April 01, 1999

Medical Records

9 min


In the course of managing employees, whether it be in the context of a request for accommodation or relating to an occupational safety issue, the question of how and when to make medical inquiries frequently arises. An employer must be sensitive to what information she can request, and to who has access to the medical information once it is in the employer's possession.


It is important to recognize that the methods that an employer might use to gather medical information to determine which, if any, of the protections an employee is entitled to under the Family and Medical Leave Act or Americans with Disabilities Act are themselves strictly, and differently, limited by the statutes. Under the ADA, an employer generally is precluded from making inquiries into the nature and extent of an employee's disability, except where such inquiries are job-related and consistent with business necessity. Thus, when an employee has requested an accommodation for a disability, including a request for leave, the employer may make the medical inquiries and examinations necessary to determine whether an accommodation is truly needed or would be effective. Under the FMLA, the employer can require medical certification of the need for leave, but the limitations on the subject and the nature of the inquiries are quite specific, and the FMLA Regulations warn the employer against seeking more information than is sought in the optional FMLA medical certification form, set forth as Appendix B to the Regulations. Instead, the FMLA regulations direct the employer who has reason to doubt the validity of the medical certification to obtain a second opinion at its expense. A third opinion may be obtained from a doctor approved jointly by the employer and the employee if the second does not satisfy either. The third opinion is binding on both, however, as to the legitimacy of the serious medical condition.

Thus, the information that lawfully can be obtained by the employer to assist it in assessing the reasonableness and efficacy of leave or a reduced work schedule as an accommodation under the ADA may be more extensive than could be required under the FMLA to certify the "serious health condition" of an employee seeking leave. Accordingly, employers will probably find a two-step process advisable where an employee is entitled to the protection of both statutes. The employee who claims a disability would first be subjected to the scrutiny permitted by the FMLA; if he passes muster under that test and then exhausts his FMLA leave, he could be subjected to the possibly more comprehensive examination or inquiries permitted under the ADA before additional leave could be required as a reasonable accommodation.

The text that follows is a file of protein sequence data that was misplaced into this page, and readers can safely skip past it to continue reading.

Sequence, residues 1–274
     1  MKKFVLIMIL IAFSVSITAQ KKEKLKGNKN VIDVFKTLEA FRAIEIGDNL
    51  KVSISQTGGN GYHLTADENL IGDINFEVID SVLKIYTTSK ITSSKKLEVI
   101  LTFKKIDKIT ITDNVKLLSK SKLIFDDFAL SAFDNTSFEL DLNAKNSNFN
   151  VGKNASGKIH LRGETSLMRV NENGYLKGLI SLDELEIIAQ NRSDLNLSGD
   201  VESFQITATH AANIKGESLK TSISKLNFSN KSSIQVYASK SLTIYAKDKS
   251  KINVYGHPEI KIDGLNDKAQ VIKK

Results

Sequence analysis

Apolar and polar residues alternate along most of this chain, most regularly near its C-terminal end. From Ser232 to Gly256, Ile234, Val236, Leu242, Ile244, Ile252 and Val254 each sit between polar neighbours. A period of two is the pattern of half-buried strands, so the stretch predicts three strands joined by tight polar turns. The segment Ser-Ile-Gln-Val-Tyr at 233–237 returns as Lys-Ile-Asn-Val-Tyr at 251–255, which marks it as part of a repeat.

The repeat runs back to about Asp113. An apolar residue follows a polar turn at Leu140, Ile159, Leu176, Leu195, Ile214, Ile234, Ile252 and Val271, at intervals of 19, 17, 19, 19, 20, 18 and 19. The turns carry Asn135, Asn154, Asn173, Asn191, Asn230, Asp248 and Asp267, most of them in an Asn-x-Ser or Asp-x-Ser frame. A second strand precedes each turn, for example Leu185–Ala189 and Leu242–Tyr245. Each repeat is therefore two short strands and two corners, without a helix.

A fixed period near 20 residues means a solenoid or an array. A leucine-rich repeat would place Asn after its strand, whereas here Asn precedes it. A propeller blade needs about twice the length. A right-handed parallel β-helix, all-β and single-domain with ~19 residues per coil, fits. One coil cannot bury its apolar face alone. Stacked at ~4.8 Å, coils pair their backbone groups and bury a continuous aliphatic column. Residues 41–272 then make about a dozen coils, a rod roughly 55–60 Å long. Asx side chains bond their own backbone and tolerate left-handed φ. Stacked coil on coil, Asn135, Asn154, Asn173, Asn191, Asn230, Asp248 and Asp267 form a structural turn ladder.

On return from work, ADA permits employers to require "fitness for duty" certifications on the grounds that they are "job-related and consistent with business necessity," so long as the scope of the inquiry is not overbroad. Similarly, the FMLA Regulations permit employers to have uniformly applied rules that require employees to perform fitness-for-duty certifications with respect to the particular health condition that caused the need for FMLA leave, and any return-to-work physical must comply with the ADA, although they must be given specific notice that such an exam will be required and the consequences of failing to do so.

Courts that have examined the interplay between the FMLA fitness-for-duty certifications and the broader return-to-work examination allowed by the ADA have reached slightly different conclusions. In Porter v. United States Alumoweld Co., Inc., 125 F.3d 243 (4th Cir. 1997), for example, the court held that the FMLA, which limits a fitness-for-duty certification to a "simple statement of an employee's ability to return to work," does not prohibit an employer from requiring a more extensive medical examination under the ADA. The plaintiff in this case, Raymond Porter, was a machine operator for U.S. Alumoweld who had a history of chronic back injuries. In November of 1993, Alumoweld placed Porter on a leave of absence and advised Porter that, before being reinstated to his position, he would be required to provide documentation from his doctors and therapists indicating that he would be able to perform the functions of his job. Approximately one month after Porter underwent surgery in April 1994, his physician wrote a note stating that Porter would be able to return to work safely and without restrictions. Shortly thereafter, Alumoweld contacted Porter's physician and asked him to perform a functional capacity evaluation so that Alumoweld could better assess Porter's ability to resume his job duties. When Porter failed to have the test performed, Alumoweld terminated his employment.

Porter subsequently filed suit, alleging violations of both the ADA and FMLA. Porter's claim that Alumoweld violated the FMLA by requiring him to undergo a fitness-for-duty exam was based on an FMLA regulation that provides that "fitness-for-duty certification" under the FMLA "need only be a simple statement of an employee's ability to return to work." Porter argued that Alumoweld had no right to ask for more than the "simple statement" that this regulation requires. The court held, however, that the FMLA's fitness-for-duty certification provisions are "distinct from the ADA prescribed exam," and that, when the ADA applies, the medical inquiries that it authorizes will not be limited by those allowed by the FMLA. Otherwise, the FMLA, "would be violated every time an employer requested a fitness-for-duty exam under the ADA, a request which requires the disclosure of more medical information than would be available from the FMLA's 'simple statement of an employee's ability to return to work.'" This decision thus stands for the proposition that in those instances where a medical examination is job-related and necessary to determine whether an employee can perform the essential functions of his job, an employer may require the employee to satisfy the fitness-for-duty requirements of both the ADA and FMLA.